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Scottish History


The Stone Age

The Bronze Age

Pictish Stone
The Picts

Early Scotland

Ancient Names

Viking Scotland

Roman Scotland

The Celts

The Gael

St Columba

Medieval Church

Early Rulers
Of Scotland


The Stuarts
in Scotland


Scottish Wars of Independence

Scottish Battles

Scottish Weapons

William Wallace
William Wallace

Battle of
Stirling Bridge

Robert the Bruce


Battle of
Bannockburn


After Bannockburn

The Trial of
William Wallace

Declaration of Arbroath

Mary Queen Of Scots
Mary Queen of Scots

Feudalism

Scottish Reformation

Articles of Union


Glencoe

Rob Roy MacGregor

Prince Charlie
Bonnie Prince Charlie

Jacobites

Battle of Culloden


Highland Clearances


Emigration

General George Wade
General George Wade

Scottish Military Roads

Scottish Enlightment

Kilmany Church
Free Church


Thomas Telford

First Scottish Census

Highland Fisheries

Agricultural Revolution

Industrial Revolution

Urbanisation

Scottish Railways

Scottish Portraits

Scottish Golf


Fife Architecture

Scottish Burghs

Trade By Sea

Burghs and Trade

Lighting The Coast

Scottish Doocots

Scottish Tolbooths

Mercat Crosses

Abernethy History

Kintyre History

Old Scottish Scenes


Notable Dates in Scottish History

80
Julius Agricola advances across the River Clyde fighting off bands of warring celts.

84
The celtic tribes unite under Calgacus, but he is killed (along with 10000 men) when he meets the Roman army at Ardoch.

296
The Pictish people were first mentioned in Roman literature. The name "Pict" is said to have come either from a latin word meaning "painted ones" or another meaning "fighter". Both of these accurately depicted the Pictish people.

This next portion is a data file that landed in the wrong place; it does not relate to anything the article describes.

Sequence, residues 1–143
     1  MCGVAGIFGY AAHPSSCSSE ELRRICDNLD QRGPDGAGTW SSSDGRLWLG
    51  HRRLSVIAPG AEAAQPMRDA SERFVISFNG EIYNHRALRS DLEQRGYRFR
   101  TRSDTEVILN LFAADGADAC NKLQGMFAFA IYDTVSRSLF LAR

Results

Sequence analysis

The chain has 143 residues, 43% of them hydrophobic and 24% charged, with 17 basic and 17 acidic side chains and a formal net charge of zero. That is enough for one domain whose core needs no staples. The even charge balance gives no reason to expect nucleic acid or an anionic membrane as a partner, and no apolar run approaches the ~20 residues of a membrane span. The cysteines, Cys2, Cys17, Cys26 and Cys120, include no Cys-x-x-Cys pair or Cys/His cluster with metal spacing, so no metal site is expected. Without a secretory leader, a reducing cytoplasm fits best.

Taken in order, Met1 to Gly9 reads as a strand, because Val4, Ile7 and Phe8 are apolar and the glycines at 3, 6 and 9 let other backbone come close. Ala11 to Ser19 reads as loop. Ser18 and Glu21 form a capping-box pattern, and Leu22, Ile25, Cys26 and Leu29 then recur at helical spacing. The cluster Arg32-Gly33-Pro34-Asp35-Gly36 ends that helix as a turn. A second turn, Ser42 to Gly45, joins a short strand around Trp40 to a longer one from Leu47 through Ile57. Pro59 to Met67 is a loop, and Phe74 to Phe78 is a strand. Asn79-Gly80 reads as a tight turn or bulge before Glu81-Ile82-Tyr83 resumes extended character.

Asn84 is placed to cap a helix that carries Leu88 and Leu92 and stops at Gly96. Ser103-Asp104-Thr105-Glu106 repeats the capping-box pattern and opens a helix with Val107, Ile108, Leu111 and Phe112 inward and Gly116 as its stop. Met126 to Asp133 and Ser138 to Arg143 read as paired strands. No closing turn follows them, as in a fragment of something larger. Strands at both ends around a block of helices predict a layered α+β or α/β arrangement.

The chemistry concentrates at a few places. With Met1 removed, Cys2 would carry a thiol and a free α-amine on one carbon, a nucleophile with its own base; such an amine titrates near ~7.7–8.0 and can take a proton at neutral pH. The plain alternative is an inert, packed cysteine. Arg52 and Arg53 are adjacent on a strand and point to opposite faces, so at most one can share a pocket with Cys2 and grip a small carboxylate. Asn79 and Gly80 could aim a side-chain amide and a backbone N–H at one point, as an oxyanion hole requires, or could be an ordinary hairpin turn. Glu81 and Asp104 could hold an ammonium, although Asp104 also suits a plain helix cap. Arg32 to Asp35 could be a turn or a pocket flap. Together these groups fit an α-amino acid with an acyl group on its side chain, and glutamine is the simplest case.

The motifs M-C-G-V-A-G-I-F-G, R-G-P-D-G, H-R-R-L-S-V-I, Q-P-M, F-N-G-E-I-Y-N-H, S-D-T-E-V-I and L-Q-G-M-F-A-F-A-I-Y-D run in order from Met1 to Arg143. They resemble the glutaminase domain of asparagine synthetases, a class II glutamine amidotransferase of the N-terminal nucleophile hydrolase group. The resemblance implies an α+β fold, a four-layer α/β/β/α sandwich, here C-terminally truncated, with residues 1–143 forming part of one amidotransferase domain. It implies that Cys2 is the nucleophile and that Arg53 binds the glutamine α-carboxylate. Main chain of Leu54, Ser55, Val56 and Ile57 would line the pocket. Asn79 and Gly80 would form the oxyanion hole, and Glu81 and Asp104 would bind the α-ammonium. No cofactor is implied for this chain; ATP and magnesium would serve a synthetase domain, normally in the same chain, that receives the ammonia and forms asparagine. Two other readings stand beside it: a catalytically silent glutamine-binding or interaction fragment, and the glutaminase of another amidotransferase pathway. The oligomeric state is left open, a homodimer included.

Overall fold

360
Roman literature describes the warring tribe based in Ireland as the "Scots".

368
The Pict, Scot and Saxon tribes attack the Romans in London and plunder their treasures.

503
The Scots leave Ireland and build their kingdom of Dalriada in Argyll on the West coast of Scotland.

597
St. Columba died.

843
Kenneth MacAlpin unites the Scots and Picts as one nation. This was the first step in creating a united Scotland, a process not completed until at least 1034 and perhaps much later.

1005
Malcolm II kills Kenneth III and becomes King.

1018
Malcolm II gains Lothian after defeating the Saxons at the Battle of Carham. Death of Owen-the-Bald, King of Strathclyde.

1034
Duncan, already ruler of Strathclyde, kills his grandfather Malcolm II and becomes King of a (largely) united Scotland.

1040
MacBeth kills Duncan and becomes King.

1057
Malcolm III (or Malcolm Canmore) kills MacBeth and becomes King.

1107
On the death of Edgar, Scotland becomes disunited. Alexander I becomes King of Scots, but David I becomes King in Lothian and Strathclyde.

1124
Unity was restored when, on Alexander's death, David becomes King of Scots. His reign is one of the most important in Scotland's history, extending Scottish borders to the River Tees, including all of Northumberland.

1295
Signing of the "Auld Alliance" between Scotland and France - one of the world's oldest mutual defence treaties.

1296
Annexation of Scotland by England. Scotland's Coronation Stone - the "Stone of Destiny" or "Stone of Scone" - was removed to Westminster Abbey (in London) by the English King Edward I. The stone was temporarily returned to Scotland in 1950 and permanently returned in 1996.